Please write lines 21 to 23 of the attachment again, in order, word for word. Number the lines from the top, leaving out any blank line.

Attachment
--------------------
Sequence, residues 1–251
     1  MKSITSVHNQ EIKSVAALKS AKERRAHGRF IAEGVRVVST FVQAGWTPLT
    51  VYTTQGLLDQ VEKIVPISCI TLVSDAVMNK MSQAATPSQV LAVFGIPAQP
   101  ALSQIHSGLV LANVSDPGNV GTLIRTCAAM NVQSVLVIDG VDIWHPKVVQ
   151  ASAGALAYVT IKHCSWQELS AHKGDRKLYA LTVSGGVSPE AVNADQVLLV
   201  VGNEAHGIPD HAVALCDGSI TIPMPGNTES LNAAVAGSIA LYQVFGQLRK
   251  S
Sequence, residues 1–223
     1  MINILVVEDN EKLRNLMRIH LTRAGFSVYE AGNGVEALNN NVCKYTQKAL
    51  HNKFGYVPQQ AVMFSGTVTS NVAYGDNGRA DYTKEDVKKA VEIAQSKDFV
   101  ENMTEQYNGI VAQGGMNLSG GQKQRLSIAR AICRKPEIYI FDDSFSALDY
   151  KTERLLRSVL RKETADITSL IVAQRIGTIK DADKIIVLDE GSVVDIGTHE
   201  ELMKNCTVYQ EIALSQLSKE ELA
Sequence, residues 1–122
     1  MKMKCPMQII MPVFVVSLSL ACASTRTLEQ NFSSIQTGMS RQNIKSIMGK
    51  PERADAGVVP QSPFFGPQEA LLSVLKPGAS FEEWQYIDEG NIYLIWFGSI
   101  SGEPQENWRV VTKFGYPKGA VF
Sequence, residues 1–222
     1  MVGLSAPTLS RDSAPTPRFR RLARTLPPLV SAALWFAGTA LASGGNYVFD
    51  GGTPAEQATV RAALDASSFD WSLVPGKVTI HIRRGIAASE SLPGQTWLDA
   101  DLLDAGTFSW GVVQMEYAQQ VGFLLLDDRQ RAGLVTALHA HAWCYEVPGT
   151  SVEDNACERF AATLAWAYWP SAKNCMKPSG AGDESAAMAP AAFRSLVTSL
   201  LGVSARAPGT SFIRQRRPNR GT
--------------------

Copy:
   101  DLLDAGTFSW GVVQMEYAQQ VGFLLLDDRQ RAGLVTALHA HAWCYEVPGT
   151  SVEDNACERF AATLAWAYWP SAKNCMKPSG AGDESAAMAP AAFRSLVTSL
   201  LGVSARAPGT SFIRQRRPNR GT